I asked him how many Pakistani regulars he had. He broke off from chopping hake and held up five fingers. On 8 June the fish-eaters of Marsden can be expected to rouse themselves more energetically than the Ramadan fasters across town.

***

Seedhill, the cricket ground graced by Constantine, is pretty Nelson rather than gritty Nelson, even though a chunk of it, including the old pavilion, was lopped off years ago to form an embankment carrying the M65. Upstairs in the pavilion is a wonderful picture of the great man, eyes ablaze, down on one knee for a full-blooded cover-drive. It would have made a better monument in the town centre than the 40-foot weaving shuttle that has dominated Market Street since 2011. I thought it was a torpedo; children think it’s a giant pencil.

The packed houses that watched Constantine lead Nelson to seven league titles in nine years have dwindled now: there were only a couple of dozen to watch his successors play Accrington recently. But it was a drab day with a chilly breeze and Burnley were at home to West Brom in the winter game down the road.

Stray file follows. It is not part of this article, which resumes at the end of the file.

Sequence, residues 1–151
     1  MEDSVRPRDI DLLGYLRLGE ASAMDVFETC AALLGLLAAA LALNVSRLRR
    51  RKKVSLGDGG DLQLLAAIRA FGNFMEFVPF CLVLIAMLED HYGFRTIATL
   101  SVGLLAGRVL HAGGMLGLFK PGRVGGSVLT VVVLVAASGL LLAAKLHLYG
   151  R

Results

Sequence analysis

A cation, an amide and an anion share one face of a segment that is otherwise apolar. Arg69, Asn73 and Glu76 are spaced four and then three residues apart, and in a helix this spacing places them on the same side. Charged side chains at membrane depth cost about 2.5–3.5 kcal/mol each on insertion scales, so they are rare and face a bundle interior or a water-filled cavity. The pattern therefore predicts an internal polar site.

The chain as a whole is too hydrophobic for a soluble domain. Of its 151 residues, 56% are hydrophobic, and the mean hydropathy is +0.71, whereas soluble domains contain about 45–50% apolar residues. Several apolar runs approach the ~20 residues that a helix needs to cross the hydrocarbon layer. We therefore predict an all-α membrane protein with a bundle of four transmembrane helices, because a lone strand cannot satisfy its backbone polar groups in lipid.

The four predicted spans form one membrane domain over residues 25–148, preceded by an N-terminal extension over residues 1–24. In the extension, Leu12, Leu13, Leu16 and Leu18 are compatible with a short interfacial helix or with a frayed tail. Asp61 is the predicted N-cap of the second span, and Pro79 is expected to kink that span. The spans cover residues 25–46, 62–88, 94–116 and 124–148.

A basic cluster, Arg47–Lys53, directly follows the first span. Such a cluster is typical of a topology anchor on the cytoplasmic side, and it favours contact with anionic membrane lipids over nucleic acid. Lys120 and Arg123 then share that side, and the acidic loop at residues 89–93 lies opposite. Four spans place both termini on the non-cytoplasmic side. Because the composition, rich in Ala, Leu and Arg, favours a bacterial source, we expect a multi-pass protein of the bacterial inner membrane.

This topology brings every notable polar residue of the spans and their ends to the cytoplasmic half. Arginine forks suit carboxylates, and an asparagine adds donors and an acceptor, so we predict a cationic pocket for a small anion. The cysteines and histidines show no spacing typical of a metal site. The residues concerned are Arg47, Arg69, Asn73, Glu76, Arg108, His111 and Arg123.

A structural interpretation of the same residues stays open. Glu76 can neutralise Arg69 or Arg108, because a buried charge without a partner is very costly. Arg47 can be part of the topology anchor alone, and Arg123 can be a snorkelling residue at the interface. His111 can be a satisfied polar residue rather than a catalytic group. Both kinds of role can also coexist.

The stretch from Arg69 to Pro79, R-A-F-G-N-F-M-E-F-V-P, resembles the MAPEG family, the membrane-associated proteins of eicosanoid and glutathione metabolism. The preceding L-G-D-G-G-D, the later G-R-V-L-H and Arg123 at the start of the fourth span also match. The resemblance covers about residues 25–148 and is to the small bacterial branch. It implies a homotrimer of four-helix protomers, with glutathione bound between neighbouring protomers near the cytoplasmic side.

And generally the club thrives better than the town. Given the lack of hotels and pubs, the pavilion is much in demand for functions, and the team remains competitive. Nelson fielded four local Asians for the Accrington match, which suggests that, in one activity at least, integration is just about where it should be.

It seems unlikely that a similar situation would apply at the crown green bowls or the brass band, or any other of the long-standing recreations in Nelson (though small but growing numbers of Pakistanis are now taking allotments). The knee-jerk liberal reaction might be that this is somehow the fault of the white Nelsonians. I think this attitude is a grave oversimplification that has done much damage.

In one respect the incomers have re-created the old life of Nelson. In the hugger-mugger stone-built terraces, the neighbourliness, the power of extended families, the external patriarchy and the internal matriarchy, the vibrancy, the sense of communal struggle . . . that is exactly what this cotton town must have been like a century ago. 

This article first appeared in the 18 May 2017 issue of the New Statesman, Age of Lies